Years ago, Stephen Hawking bet a fellow scientist from the University of Michigan $100 that the Higgs Boson particle would never be discovered.
In an interview with the BBC, Hawking said: “It seems I have just lost $100.” On Wednesday, scientists from the European Organization for Nuclear Research (CERN) announced the discovery of the Higgs Boson particle, controversially dubbed “the God particle.”
“We observe in our data clear signs of a new particle, at the level of 5 sigma, in the mass region around 126 GeV. The outstanding performance of the LHC and ATLAS and the huge efforts of many people have brought us to this exciting stage,” said ATLAS experiment spokesperson Fabiola Gianotti in a statement on July 4, “but a little more time is needed to prepare these results for publication.”
The existence of the Higgs Boson was predicted more than half a century ago by Peter Higgs, who presented a theoretical physical model predicting the existence of the particle in 1964. The discovery, however, required one of the biggest, most complex, and most expensive pieces of technology in the history of physics research. The research is conducted through the use of the Large Hadron Collider, which smashes protons together at almost the speed of light in a massive underground laboratory.
Hawking says: “This is an important result and should earn Peter Higgs the Nobel Prize.”
He goes on to say, however, that “it is a pity in a way, because the great advances in physics have come from experiments that gave results we didn’t expect,” whereas the existence of the Higgs Boson was predicted half a century ago.
Predicted or not, the discovery is an exciting one for physicists. One major problem in physics is explaining why some particles, such as solid matter, have mass while others, such as light particles, do not. In the model proposed by Dr. Higgs, the Higgs Boson particles exist in an invisible, ubiquitous particle field. This field was generated by the big bang, which occurred 13.7 billion years ago. Some particles take on mass when they collide with the Higgs Boson particles. Others, such as light particles, do not encounter the particle and acquire mass. The Higgs Boson particles also slow the other particles that collide with them.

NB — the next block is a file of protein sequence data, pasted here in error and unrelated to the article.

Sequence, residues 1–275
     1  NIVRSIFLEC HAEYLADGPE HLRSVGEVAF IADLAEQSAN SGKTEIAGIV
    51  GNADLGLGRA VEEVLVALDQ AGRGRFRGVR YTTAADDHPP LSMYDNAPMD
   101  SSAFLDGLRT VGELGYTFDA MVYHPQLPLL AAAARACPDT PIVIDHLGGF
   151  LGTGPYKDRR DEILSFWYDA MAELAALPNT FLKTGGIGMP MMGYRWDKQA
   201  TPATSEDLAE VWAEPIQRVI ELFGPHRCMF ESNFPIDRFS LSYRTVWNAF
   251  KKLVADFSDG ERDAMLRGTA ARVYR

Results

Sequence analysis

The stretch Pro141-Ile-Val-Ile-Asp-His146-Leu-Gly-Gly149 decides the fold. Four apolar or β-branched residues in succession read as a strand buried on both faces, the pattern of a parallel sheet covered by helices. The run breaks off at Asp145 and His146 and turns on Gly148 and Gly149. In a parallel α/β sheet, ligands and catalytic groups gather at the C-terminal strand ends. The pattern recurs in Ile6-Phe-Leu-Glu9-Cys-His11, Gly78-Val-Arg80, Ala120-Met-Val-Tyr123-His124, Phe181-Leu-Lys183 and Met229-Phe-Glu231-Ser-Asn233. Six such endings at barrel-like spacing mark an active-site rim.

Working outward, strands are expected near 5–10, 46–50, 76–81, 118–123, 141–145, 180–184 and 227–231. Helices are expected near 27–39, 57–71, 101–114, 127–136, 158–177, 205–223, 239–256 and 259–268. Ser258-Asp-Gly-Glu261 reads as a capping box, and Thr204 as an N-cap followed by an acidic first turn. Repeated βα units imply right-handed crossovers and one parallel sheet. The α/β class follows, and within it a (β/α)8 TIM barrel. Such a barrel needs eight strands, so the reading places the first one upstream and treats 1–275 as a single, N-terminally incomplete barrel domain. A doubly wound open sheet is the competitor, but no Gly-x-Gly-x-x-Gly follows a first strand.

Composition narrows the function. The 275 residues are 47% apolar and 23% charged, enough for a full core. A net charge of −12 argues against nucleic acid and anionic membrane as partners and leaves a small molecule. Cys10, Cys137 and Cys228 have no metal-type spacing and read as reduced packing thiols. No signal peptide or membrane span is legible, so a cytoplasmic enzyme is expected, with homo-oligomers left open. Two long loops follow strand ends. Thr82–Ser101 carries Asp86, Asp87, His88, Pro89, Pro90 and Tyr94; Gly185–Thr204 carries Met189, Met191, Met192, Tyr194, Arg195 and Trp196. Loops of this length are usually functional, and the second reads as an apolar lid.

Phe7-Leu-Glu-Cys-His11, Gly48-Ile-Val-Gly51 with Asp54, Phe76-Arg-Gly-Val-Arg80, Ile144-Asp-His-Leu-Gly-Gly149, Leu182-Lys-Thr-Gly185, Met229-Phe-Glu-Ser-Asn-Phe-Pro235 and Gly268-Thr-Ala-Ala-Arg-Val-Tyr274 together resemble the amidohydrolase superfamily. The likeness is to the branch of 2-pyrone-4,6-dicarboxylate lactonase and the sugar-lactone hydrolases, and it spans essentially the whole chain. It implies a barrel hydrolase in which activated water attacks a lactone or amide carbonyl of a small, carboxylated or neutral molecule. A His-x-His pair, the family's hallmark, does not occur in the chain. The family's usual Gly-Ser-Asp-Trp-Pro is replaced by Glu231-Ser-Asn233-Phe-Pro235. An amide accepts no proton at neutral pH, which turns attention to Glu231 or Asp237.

The researchers at CERN report that their findings are still preliminary but that they are fairly confident in their discovery. Two different laboratories at CERN found the particle, and both reported only a 0.00006 percent chance that the results only resulted from a mathematical anomaly.
There is still, however, a small chance for Hawking to get his “unexpected results.” Yves Sirois, a physicist at CERN, reported that “It may be the Higgs boson, but it may also be something far bigger, which opens the door towards a new theory that goes beyond the Standard Model.”
“It’s hard not to get excited by these results,” said CERN Research Director Sergio Bertolucci in a statement. “We stated last year that in 2012 we would either find a new Higgs-like particle or exclude the existence of the Standard Model Higgs. With all the necessary caution, it looks to me that we are at a branching point: the observation of this new particle indicates the path for the future towards a more detailed understanding of what we’re seeing in the data.”